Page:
Egyptian thinker sees ‘no salvation without separation of religion and politics’

“There is an urgent need to open the gates of ijtihad, for it is unreasonable to seek solutions to problems of the year 2019 by going back to the products of minds that existed ten centuries ago.” - Egyptian political thinker Tarek Heggy
Saturday 24/08/2019
Egyptian political thinker Tarek Heggy. (Al Arab)
Warning. Egyptian political thinker Tarek Heggy. (Al Arab)

Politics is a human act, relative, variable and flexible while religion is absolute, sacred and fixed. Mixing the two without checks produces disorder, distortion, violence and may end in bloody terrorism. The experience of political Islam is the proof of that.

This is why Egyptian political thinker Tarek Heggy said defeating terrorism requires separating religion from politics and liberating thought by raising people’s awareness and refuting extremist modes of thinking.

Heggy said the war on terror is both “a security and intellectual war.” The security front is needed “to confront the armed groups using law, determination and the necessary firmness against [them].” On the intellectual level, there is a necessity “to confront inherited beliefs that groups affiliated with political Islam keep repeating without critical evaluation.”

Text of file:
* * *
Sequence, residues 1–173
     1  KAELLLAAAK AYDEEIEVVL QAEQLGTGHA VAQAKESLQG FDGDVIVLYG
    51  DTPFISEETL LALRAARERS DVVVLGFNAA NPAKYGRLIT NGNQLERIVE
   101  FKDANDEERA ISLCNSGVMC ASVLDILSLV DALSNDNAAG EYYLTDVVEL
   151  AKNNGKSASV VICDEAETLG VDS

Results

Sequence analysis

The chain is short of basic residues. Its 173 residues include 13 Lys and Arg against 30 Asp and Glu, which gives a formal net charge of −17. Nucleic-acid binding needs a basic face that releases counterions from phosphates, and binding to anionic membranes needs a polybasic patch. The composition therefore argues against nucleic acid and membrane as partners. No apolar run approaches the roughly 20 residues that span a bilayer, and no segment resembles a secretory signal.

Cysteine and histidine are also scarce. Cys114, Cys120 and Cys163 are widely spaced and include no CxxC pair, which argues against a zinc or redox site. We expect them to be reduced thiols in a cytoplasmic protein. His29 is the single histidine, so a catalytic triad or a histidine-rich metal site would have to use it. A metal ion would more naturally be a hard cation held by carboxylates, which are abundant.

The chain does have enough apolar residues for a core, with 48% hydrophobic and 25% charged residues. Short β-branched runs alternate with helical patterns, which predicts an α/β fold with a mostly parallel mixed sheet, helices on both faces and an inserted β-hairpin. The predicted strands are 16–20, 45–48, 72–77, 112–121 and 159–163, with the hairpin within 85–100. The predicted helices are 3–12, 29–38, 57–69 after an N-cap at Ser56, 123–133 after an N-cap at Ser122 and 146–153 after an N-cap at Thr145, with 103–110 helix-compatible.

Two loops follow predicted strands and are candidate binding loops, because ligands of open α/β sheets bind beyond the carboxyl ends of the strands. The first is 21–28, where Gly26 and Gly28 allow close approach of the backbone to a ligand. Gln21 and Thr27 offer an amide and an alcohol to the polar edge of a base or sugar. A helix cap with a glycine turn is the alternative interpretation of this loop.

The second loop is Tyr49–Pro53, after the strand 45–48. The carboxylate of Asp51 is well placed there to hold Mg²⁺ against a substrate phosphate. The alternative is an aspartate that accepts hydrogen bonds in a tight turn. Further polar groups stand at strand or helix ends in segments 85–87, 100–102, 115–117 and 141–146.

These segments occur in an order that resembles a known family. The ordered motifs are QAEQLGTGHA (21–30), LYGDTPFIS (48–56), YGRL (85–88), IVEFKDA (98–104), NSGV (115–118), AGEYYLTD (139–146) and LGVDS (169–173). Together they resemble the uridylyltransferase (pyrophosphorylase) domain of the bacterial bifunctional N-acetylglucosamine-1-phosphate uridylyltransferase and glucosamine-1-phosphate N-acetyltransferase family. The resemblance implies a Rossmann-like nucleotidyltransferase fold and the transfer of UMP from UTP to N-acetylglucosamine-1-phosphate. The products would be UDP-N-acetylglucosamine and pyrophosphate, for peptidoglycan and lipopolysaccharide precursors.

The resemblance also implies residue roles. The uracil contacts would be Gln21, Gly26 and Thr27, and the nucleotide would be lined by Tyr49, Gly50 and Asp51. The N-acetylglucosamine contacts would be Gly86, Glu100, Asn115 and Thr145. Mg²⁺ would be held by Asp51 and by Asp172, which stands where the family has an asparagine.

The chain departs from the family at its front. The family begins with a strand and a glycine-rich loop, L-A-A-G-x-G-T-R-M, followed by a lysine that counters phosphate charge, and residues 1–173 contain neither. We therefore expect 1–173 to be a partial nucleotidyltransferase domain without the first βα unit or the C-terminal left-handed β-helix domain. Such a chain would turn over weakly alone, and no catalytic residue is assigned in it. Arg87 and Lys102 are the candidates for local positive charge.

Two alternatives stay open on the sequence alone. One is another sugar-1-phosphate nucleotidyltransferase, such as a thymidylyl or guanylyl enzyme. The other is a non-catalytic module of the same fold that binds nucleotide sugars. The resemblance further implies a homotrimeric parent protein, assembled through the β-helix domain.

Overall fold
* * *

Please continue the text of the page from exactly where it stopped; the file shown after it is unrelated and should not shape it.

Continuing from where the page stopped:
Heggy said the most crucial of battles is one of education and religious discourse.

In his book, “The Plague of Radicalism,” Heggy deconstructs political Islamist thinking and reveals its distortions and contradictions. He concludes that a moderate political Islam is an illusion.

Heggy pointed to the existence of intimate links between all Islamist groups, be they political or jihadist, because they share common constants related to being intolerant, opposed to scientific reasoning and contemptuous of women.

He said the war with religious extremism is far from over and that international powers have not reached the stage of agreeing on policies to eliminate the scourge.

“Even if there is an international consensus on the inevitability of confronting political Islam organisations, it is difficult to totally get rid of it because the problem lies beyond the failure and fragmentation of any one of these organisations at any given time,” said Heggy. “There is a source that is still able to generate various other groups for the same goal and driven by the same idea.

“The first thing that needs to be done is to critique and assail the roots of its main narrative that we find scattered throughout history in various forms and with minor differences.”

He said the writings of Ibn Taymiyyah are still alive seven centuries after his death. The ideas that Muhammed bin Abdul Wahab, Abu al-A’la Mawdudi and Sayyid Qutb sowed are available to all and they are the principal basis of violence. All of them built their views on the idea of ​​hating and rejecting the other.

Heggy added that there may be “tactical differences” between one faction of political Islam and another. The Muslim Brotherhood, for example, may not operate in the same way as al-Qaeda or Boko Haram or even the Islamic State but all of them are “strategically aligned, pursue the same goals and carry the same hatred.”